@ThingsExpo Stories
Who are you? How do you introduce yourself? Do you use a name, or do you greet a friend by the last four digits of his social security number? Assuming you don’t, why are we content to associate our identity with 10 random digits assigned by our phone company? Identity is an issue that affects everyone, but as individuals we don’t spend a lot of time thinking about it. In his session at @ThingsExpo, Ben Klang, Founder & President of Mojo Lingo, discussed the impact of technology on identity. Sho...
Technology vendors and analysts are eager to paint a rosy picture of how wonderful IoT is and why your deployment will be great with the use of their products and services. While it is easy to showcase successful IoT solutions, identifying IoT systems that missed the mark or failed can often provide more in the way of key lessons learned. In his session at @ThingsExpo, Peter Vanderminden, Principal Industry Analyst for IoT & Digital Supply Chain to Flatiron Strategies, will focus on how IoT depl...
Data is an unusual currency; it is not restricted by the same transactional limitations as money or people. In fact, the more that you leverage your data across multiple business use cases, the more valuable it becomes to the organization. And the same can be said about the organization’s analytics. In his session at 19th Cloud Expo, Bill Schmarzo, CTO for the Big Data Practice at Dell EMC, introduced a methodology for capturing, enriching and sharing data (and analytics) across the organization...
With all the incredible momentum behind the Internet of Things (IoT) industry, it is easy to forget that not a single CEO wakes up and wonders if “my IoT is broken.” What they wonder is if they are making the right decisions to do all they can to increase revenue, decrease costs, and improve customer experience – effectively the same challenges they have always had in growing their business. The exciting thing about the IoT industry is now these decisions can be better, faster, and smarter. Now ...
WebRTC is about the data channel as much as about video and audio conferencing. However, basically all commercial WebRTC applications have been built with a focus on audio and video. The handling of “data” has been limited to text chat and file download – all other data sharing seems to end with screensharing. What is holding back a more intensive use of peer-to-peer data? In her session at @ThingsExpo, Dr Silvia Pfeiffer, WebRTC Applications Team Lead at National ICT Australia, looked at differ...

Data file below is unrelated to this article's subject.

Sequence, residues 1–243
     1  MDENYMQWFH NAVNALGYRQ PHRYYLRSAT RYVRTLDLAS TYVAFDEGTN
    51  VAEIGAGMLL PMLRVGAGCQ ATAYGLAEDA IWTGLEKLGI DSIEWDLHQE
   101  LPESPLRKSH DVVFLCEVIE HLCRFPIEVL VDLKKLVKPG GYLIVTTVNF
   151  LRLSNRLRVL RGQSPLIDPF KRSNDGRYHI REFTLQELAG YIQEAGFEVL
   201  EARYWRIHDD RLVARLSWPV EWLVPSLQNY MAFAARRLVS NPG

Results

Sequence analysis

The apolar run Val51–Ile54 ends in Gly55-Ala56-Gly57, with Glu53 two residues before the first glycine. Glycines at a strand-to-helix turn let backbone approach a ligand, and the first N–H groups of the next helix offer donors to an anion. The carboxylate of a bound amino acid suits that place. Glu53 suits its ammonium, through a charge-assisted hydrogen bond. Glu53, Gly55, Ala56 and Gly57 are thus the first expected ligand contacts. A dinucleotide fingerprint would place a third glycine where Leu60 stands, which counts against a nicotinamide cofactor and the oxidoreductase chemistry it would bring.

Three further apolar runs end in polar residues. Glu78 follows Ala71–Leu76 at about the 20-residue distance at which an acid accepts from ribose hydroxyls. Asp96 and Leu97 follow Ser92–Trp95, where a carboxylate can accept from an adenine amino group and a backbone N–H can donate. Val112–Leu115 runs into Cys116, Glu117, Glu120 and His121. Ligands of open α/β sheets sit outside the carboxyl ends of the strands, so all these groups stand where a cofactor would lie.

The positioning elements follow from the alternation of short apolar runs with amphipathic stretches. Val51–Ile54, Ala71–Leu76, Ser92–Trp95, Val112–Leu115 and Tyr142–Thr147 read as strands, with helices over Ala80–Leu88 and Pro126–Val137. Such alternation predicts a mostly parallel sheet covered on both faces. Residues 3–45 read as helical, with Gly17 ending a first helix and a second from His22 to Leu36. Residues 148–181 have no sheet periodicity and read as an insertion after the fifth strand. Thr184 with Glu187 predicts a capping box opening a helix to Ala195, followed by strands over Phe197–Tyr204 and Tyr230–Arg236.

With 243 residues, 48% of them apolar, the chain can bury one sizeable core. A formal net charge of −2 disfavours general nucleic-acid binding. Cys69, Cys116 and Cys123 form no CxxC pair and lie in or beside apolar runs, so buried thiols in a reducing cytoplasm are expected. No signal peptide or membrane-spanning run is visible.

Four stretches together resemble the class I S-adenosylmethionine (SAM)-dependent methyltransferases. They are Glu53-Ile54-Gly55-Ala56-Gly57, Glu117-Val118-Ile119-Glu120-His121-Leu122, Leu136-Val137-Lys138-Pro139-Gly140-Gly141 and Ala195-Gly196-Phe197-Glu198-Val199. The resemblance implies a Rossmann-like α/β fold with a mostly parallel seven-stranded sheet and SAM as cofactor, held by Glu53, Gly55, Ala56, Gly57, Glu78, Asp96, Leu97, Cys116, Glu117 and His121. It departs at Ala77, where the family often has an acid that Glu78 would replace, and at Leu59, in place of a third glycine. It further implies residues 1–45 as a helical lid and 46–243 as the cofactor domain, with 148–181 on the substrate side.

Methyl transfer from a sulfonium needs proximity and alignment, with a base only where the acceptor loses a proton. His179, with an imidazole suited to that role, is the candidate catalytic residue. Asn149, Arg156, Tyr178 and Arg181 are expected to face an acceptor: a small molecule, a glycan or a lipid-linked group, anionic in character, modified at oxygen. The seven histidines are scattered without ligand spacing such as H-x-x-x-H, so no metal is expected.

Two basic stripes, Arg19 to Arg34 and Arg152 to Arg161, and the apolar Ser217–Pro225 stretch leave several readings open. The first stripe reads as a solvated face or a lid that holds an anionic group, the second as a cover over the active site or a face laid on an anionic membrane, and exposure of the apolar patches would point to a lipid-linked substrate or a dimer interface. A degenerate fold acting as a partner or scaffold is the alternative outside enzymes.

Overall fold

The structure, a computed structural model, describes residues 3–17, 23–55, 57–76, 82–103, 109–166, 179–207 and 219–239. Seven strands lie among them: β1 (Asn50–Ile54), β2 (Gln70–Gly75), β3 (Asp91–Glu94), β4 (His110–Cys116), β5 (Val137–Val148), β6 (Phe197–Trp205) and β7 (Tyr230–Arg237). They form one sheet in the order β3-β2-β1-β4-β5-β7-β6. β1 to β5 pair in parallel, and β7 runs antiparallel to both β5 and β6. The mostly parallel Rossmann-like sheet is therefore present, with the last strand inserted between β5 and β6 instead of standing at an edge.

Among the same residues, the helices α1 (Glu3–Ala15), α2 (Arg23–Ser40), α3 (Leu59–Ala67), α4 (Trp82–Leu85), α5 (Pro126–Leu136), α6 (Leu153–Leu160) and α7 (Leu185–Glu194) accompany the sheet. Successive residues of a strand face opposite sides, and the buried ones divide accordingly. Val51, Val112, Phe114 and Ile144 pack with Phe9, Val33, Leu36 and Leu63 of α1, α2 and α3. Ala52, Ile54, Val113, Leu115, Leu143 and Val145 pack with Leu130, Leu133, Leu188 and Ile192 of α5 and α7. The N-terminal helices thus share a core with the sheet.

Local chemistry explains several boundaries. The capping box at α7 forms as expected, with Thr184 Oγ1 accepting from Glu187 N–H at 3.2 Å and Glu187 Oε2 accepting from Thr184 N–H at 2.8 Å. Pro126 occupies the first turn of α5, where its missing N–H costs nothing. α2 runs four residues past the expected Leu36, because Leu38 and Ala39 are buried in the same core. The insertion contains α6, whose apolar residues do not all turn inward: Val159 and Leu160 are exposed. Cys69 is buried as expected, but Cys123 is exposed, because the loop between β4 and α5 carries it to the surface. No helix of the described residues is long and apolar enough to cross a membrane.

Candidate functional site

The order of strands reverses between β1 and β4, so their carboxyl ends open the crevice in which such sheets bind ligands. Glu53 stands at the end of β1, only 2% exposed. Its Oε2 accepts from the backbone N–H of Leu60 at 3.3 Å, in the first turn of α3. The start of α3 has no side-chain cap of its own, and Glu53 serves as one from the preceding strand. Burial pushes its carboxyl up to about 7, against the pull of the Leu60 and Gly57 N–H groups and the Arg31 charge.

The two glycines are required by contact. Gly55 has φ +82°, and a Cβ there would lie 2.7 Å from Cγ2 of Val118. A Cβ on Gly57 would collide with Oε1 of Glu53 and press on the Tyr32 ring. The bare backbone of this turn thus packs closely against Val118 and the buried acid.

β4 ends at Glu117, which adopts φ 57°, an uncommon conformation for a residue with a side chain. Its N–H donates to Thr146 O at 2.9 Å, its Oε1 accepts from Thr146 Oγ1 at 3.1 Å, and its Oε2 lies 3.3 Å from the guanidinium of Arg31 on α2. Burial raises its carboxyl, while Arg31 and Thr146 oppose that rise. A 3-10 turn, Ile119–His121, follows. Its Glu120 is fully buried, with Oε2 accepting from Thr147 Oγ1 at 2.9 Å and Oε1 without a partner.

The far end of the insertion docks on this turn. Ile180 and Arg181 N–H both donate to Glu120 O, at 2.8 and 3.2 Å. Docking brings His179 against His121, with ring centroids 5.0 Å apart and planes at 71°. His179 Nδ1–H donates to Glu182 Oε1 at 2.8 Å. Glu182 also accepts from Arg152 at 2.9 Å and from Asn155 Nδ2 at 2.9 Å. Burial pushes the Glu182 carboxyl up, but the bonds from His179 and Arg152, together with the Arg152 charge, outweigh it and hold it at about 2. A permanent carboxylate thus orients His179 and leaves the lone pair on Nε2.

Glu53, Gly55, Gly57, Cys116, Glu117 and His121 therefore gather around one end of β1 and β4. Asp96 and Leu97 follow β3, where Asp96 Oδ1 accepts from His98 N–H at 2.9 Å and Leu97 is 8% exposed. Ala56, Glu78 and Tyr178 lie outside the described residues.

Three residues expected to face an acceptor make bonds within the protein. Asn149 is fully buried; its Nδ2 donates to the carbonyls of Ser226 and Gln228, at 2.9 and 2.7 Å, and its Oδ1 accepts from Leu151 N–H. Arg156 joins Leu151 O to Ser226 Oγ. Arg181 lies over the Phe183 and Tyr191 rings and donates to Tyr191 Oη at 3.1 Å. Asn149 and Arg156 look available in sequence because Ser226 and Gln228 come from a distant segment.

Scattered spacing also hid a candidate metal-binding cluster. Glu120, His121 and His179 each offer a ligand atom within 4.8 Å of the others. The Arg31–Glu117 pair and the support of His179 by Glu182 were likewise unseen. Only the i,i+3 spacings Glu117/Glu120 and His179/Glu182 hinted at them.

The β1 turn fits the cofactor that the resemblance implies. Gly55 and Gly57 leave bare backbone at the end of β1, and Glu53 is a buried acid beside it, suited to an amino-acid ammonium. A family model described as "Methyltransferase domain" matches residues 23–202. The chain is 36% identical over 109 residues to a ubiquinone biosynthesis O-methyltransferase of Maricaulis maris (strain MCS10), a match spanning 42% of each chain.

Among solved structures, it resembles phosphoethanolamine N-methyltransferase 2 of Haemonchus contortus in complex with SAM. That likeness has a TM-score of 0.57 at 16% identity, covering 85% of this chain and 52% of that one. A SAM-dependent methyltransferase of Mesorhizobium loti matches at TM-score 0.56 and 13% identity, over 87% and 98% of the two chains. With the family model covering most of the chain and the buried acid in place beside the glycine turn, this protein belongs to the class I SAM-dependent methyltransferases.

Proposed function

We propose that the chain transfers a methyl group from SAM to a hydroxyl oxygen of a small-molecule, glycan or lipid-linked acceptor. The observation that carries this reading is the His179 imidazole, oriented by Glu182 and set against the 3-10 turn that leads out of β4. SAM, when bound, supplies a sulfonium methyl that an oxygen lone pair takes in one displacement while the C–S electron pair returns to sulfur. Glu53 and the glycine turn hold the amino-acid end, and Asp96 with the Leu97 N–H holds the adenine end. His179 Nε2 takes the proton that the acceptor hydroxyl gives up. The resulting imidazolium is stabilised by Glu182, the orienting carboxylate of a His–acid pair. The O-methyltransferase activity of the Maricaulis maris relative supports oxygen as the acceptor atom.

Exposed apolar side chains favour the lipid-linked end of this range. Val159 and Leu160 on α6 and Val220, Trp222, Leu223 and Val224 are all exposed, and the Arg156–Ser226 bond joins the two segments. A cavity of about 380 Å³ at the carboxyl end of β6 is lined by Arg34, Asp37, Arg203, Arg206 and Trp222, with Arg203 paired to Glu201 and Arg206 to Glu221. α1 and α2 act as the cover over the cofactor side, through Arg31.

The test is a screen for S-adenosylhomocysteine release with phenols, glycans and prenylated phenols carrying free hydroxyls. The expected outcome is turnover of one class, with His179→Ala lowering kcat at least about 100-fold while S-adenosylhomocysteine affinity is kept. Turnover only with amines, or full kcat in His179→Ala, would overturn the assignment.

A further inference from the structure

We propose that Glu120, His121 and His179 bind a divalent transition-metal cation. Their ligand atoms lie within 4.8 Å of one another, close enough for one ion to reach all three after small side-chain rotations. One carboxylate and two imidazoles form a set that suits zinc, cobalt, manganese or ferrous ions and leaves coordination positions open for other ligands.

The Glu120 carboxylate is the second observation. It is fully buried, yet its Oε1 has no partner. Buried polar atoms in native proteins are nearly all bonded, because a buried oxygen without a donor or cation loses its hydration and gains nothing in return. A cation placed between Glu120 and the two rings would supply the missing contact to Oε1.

The cloud market growth today is largely in public clouds. While there is a lot of spend in IT departments in virtualization, these aren’t yet translating into a true “cloud” experience within the enterprise. What is stopping the growth of the “private cloud” market? In his general session at 18th Cloud Expo, Nara Rajagopalan, CEO of Accelerite, explored the challenges in deploying, managing, and getting adoption for a private cloud within an enterprise. What are the key differences between wh...
"ReadyTalk is an audio and web video conferencing provider. We've really come to embrace WebRTC as the platform for our future of technology," explained Dan Cunningham, CTO of ReadyTalk, in this SYS-CON.tv interview at WebRTC Summit at 19th Cloud Expo, held November 1-3, 2016, at the Santa Clara Convention Center in Santa Clara, CA.
In 2014, Amazon announced a new form of compute called Lambda. We didn't know it at the time, but this represented a fundamental shift in what we expect from cloud computing. Now, all of the major cloud computing vendors want to take part in this disruptive technology. In his session at 20th Cloud Expo, John Jelinek IV, a web developer at Linux Academy, will discuss why major players like AWS, Microsoft Azure, IBM Bluemix, and Google Cloud Platform are all trying to sidestep VMs and containers...
IoT is at the core or many Digital Transformation initiatives with the goal of re-inventing a company's business model. We all agree that collecting relevant IoT data will result in massive amounts of data needing to be stored. However, with the rapid development of IoT devices and ongoing business model transformation, we are not able to predict the volume and growth of IoT data. And with the lack of IoT history, traditional methods of IT and infrastructure planning based on the past do not app...